• Neutra_publicbuilding-72dpi

    Alice Tye: Neutra Public Building

Illustration

The Graduates 2013: Meet Camberwell's Alice Tye and her Californian sensibilities

Posted by Rob Alderson,

Our next graduate of the class of 2013 is based in south-east London, but her heart lies way over on the west coast of the USA if her work is anything to go by. Alice Tye studied illustration at Camberwell but has worked with paint and lithography to create her Californian scenes, re-imagined through the prism of how America’s golden coast is presented to us by the films, TV shows and books which immortalise it.

Her lithographs hum with an unsettling tension, that behind the sunny facades lies something darker, her four-metre long concertina fold-book of La Jolla Road in Palm Springs created via Google Street View images does likewise. Her dissertation project started with the premise: “Is modernist architecture used as visual shorthand for malevolent characters in popular films?” and she has recreated scenes from the likes of Diamonds Are Forever and LA Confidential with real flair.

We are not the first to recognise Alice’s talent as she was a runner-up in this year’s V&A Student Illustration Awards, losing out to fellow Camberwell alumnus Grace Helmer, whose painterly illustrations were showcased in last year’s Graduates. Clearly there’s something in the water down there; we asked Alice a few questions to find out more…

  • La-jolla-road-72dpi

    Alice Tye: La Jolla Road

  • Litho001-72dpi

    Alice Tye: Untitled

Why or who or what made you go to art school?

I knew I wanted to study art from before GCSEs and my family is quite creative – my brother is a photographer, my sister is a dancer and my mum is a graphic designer and photographer – so I guess I’ve always been interested in art and design! I think that when I was choosing which college to study my foundation course at I realised that illustration and design were the best choice for me as I find it difficult to make work without a purpose so brief driven work is ideal for me!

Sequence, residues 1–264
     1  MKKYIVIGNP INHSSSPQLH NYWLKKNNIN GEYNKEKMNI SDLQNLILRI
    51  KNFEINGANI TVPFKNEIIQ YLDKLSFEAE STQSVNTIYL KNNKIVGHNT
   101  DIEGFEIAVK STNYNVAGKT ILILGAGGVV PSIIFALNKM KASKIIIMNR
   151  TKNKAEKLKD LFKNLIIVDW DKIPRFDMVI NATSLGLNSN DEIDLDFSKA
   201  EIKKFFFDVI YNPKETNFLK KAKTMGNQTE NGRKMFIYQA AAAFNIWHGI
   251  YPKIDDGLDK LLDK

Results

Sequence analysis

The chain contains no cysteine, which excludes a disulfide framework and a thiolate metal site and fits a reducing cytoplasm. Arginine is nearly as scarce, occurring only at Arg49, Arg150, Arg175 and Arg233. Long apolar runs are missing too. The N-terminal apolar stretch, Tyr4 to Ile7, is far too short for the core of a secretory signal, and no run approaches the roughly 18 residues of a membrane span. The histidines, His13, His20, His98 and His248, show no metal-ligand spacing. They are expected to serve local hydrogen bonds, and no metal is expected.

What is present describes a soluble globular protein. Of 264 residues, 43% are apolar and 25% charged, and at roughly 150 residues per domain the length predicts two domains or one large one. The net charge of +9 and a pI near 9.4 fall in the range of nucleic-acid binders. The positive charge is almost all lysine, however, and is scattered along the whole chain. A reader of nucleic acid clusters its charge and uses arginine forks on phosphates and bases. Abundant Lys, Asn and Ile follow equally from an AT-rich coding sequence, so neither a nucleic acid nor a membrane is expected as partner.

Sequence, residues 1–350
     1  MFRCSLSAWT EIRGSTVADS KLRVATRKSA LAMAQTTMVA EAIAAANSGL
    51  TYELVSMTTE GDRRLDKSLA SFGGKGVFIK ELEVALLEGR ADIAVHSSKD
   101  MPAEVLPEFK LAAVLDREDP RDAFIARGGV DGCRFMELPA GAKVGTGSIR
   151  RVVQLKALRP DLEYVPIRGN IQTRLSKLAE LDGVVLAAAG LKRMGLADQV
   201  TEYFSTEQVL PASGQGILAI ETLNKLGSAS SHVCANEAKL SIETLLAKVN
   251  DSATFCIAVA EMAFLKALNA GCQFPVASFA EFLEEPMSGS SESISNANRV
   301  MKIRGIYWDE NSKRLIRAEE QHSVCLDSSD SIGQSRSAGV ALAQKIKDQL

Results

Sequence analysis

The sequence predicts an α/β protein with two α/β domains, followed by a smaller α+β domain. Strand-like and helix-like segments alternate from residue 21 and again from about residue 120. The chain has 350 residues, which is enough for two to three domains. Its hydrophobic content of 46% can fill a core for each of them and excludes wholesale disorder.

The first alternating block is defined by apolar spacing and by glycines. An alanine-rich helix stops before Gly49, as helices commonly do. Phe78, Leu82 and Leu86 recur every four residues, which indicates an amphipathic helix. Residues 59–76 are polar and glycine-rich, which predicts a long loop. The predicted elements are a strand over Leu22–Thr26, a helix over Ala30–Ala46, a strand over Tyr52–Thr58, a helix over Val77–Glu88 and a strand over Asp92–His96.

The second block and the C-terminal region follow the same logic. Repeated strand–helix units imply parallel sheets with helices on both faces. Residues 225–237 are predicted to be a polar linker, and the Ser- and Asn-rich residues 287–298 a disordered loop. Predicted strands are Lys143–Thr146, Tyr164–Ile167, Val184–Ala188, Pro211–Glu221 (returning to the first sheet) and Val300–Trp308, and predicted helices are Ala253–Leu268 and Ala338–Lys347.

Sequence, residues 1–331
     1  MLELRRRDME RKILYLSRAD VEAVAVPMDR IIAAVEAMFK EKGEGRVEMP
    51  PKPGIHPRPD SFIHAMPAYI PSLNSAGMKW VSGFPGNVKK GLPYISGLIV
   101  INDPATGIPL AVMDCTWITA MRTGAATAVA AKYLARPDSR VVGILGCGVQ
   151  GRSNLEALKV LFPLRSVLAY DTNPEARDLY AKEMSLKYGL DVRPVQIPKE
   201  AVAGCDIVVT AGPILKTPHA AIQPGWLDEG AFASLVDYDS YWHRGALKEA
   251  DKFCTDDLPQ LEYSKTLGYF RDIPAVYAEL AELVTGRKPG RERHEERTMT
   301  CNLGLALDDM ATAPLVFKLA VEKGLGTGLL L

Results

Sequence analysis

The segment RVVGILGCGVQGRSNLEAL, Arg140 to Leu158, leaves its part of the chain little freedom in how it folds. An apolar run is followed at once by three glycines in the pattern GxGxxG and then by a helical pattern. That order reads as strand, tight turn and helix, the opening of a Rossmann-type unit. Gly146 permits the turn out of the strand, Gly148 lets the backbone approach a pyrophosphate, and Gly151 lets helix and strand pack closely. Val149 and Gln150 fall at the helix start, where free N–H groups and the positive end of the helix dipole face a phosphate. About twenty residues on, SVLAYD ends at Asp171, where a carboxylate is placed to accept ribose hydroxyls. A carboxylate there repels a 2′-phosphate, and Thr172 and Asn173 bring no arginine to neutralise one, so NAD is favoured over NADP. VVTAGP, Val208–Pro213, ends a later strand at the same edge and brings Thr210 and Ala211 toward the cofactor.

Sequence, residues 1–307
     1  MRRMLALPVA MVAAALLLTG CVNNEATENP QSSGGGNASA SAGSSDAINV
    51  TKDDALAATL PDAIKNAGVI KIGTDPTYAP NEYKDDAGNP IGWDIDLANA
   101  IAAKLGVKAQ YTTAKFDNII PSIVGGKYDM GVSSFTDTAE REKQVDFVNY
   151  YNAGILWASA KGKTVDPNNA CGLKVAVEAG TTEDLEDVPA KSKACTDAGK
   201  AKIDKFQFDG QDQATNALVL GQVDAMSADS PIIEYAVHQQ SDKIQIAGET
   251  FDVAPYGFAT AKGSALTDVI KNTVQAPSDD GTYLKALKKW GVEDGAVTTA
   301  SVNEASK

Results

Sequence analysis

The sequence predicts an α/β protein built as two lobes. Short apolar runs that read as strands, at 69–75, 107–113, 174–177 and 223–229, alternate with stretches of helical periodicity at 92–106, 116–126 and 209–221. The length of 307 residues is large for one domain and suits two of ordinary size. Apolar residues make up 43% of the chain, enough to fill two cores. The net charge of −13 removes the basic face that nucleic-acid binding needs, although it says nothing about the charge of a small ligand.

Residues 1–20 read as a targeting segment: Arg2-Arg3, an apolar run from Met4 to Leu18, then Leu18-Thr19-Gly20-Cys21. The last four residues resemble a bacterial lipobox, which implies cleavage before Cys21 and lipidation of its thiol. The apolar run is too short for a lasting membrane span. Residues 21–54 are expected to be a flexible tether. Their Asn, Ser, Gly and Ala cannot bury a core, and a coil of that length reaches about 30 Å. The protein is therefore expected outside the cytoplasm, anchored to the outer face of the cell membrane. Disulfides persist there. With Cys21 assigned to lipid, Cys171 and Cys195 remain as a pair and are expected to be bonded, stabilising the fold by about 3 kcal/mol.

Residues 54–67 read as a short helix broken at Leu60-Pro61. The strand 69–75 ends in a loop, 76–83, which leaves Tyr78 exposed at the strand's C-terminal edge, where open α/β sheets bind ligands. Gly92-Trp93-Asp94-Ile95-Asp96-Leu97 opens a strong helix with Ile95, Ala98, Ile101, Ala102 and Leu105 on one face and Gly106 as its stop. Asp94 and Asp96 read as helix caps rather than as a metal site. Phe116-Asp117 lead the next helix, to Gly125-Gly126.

What’s the best mistake you made when you were studying?

I spent a lot of time procrastinating by watching a huge array of films but then that turned into research for my dissertation and then into my third year project!

If you could show you your work to one person, who would you choose and what would you show them?

Bruno Munari – I’m not sure exactly what I would show him but I’ve always loved his design and his books. I’d just love to hear what he thinks about my paintings and be able to ask him more about his writing on design and its crossover with art, which is still relevant today with the changing face of illustration.

Can you give us one prediction about your work for the next year?

I will be working collaboratively with six other Camberwell illustration grads as a studio – so watch this space. And also I’ll be continuing to make work by myself – I’ve got a few projects that I’m currently starting, including more film-related paintings…

What’s the best thing you saw in the last three years?

Grey’s Anatomy.

  • Laconfidential-72dpi

    Alice Tye: Modernist Architecture in Film – La Confidential

  • Diamondareforever-72dpi

    Alice Tye: Modernist Architecture in Film – Diamonds Are Forever

  • Playtime-72dpi

    Alice Tye: Modernist Architecture in Film – Play Time

  • Twilight-72dpi

    Alice Tye: Modernist Architecture in Film – Twilight

  • Book-photo1-72dpi

    Alice Tye: La Jolla Road, Palm Springs

  • Book-photo2-72dpi

    Alice Tye: La Jolla Road, Palm Springs

  • Lajolla-image38

    Alice Tye: La Jolla Road, Palm Springs

Represent

We are very pleased that The It’s Nice That Graduates 2013 is once again being supported by Represent Recruitment who are themselves celebrating being ten years old this summer. The graphic design recruitment specialists have developed a peerless reputation working with designers of all levels and matching them up with the right positions in some of the top agencies around. Represent’s support has helped us grow the Graduates scheme over recent years and we are thrilled they have partnered with us again in 2013.
www.represent.uk.com

Ra

Posted by Rob Alderson

Editor-in-Chief Rob oversees editorial across all three It’s Nice That platforms; online, print and events. He has a background in newspaper journalism and a particular interest in art, advertising and photography. He is the main host of the Studio Audience podcast.

Most Recent: Illustration View Archive

  1. List

    The London-based French illustrator Malika Favre has had another big year, adding even more breadth to her already impressive portfolio of work. In the summer she was invited to Tenerife by a Spanish design collective called 28ymedio to take part in its Illustrated Journey project, which aims to “help fight the economic crisis in Spain by promoting the Canary Islands and bringing a new stream of tourism.”

  2. Main2

    You can do a lot in a year, I’m told, and proof if any was needed comes in the form of Cynthia Kittler. Just last year we listed her as one of our Students of the Month for her “kind, quiet illustration,” and checking by her website again this year I found that not only is she no longer a student, but she’s being regularly commissioned by the likes of The New York Times and Die Zeit magazine for editorial illustration which is not only as quiet and kind as it was last time we checked in, but also incredibly resonant now.